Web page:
No need to worry about core count, or speed of the CPU, just go with the cheapest one that fits the socket of the chosen Motherboard.

If you are even half familiar with Linux, don't worry about buying a copy of windows. If you absolutely MUST purchase windows, stick with 7, and check the forums a bit, but I am pretty sure 64 bit is the way to go.

And so long as you have a spare cd drive that you can borrow from your computer or a friend's, don't buy that either, you will likely only need it once. Make sure that it is the same as the motherboard supports, some boards don't have IDE anymore, only SATA, so be aware. Otherwise, cheapest dvd reader you can get.


NOW, after figuring out all that, and selecting parts (or scrounging if you know someone with spares, in which case, don't really worry about it having more PCI Express slots than 2, free is better than cheap any day of the week), add up the total cost.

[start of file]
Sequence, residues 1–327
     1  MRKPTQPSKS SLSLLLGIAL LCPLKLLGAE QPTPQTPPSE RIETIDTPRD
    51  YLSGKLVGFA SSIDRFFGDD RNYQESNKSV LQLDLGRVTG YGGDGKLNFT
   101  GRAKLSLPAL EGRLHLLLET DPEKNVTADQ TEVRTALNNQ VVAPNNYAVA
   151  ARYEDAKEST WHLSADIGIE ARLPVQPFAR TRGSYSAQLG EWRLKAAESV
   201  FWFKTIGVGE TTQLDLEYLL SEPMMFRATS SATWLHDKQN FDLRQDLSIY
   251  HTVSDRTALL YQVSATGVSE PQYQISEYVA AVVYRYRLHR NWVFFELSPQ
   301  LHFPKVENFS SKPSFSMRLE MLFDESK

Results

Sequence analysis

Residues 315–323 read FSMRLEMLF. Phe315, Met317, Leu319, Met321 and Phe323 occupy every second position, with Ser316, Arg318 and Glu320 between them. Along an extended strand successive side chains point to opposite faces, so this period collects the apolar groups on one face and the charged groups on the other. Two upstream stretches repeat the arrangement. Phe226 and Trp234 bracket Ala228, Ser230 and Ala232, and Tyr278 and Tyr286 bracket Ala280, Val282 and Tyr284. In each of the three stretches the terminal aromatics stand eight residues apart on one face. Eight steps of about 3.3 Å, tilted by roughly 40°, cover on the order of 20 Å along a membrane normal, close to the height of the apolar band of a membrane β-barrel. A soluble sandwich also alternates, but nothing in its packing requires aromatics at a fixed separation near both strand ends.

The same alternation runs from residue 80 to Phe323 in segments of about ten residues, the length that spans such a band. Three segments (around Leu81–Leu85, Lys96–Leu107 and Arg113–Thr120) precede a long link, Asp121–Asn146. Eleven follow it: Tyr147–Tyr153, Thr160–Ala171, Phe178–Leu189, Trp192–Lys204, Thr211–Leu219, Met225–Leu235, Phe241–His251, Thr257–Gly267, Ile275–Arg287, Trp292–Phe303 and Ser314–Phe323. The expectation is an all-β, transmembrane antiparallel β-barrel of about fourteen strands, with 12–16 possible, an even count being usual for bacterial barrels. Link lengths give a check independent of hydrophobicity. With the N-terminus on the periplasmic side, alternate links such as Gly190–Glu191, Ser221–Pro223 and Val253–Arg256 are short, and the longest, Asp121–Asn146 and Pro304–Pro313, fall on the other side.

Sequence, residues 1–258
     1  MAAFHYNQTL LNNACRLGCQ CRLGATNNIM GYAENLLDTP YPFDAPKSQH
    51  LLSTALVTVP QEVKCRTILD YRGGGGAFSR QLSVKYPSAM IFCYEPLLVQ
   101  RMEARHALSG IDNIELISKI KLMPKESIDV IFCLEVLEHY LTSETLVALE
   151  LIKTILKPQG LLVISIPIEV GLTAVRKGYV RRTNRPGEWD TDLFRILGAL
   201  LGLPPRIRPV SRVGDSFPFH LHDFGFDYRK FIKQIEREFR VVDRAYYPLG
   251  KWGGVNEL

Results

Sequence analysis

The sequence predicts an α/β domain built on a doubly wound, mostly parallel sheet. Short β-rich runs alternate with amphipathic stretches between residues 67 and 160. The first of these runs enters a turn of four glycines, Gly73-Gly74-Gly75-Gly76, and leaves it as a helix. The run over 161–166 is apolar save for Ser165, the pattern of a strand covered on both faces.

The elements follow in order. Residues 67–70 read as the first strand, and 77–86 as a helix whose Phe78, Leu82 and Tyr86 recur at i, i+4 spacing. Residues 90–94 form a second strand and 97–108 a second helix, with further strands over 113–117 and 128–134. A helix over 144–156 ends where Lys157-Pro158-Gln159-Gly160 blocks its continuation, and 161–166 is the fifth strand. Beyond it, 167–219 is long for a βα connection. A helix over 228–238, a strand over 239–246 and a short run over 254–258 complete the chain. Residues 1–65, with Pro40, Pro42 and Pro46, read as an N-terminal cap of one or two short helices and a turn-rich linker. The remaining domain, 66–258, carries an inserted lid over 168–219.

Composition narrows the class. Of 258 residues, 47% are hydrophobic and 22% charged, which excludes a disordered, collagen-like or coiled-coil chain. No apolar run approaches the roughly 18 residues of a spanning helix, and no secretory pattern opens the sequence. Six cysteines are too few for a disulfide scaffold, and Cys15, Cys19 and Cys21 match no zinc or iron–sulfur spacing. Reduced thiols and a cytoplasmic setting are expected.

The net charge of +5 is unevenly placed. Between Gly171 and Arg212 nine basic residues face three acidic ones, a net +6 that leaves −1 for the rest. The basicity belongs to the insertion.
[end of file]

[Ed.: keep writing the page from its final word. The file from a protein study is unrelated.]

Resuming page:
Now get familiar with a LTC mining profit calculator, I recommend Burnside's LTC miner calc, as it takes power into account. Play with it, betting on 880 kHash/sec and 500-600 watts to be safe, considering the loss to voltage transformation. Figure your profit/loss, take into account that the difficulty will rise (get familiar with difficulty charts for LTC to see what I mean), and that the price per coin is a variable (though I believe it is safe to assume an overall rise in the long term).
Take some shots at investment recovery time, and finally, decide if its worth it.

The price for the capability of the cards is good.

I wish you happy hashing,

Sincerely,
SamuelSG
jambaman42
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April 16, 2013, 09:06:41 PM
 #8

well, for hashing alone, and @ 360 for both, not a bad deal.
Though 1000 khash is most likely not going to happen, anyone getting higher than ~450 even overclocked to hell and back, has an earlier GPU that was unlockabale for more shaders (look up 6950 to 6970 mod). Most newer 6950s will not unlock, so bet on getting 440-450 each with good overclock and tweaking.

Just dont blow lots on the mb and memory, but get a good power supply.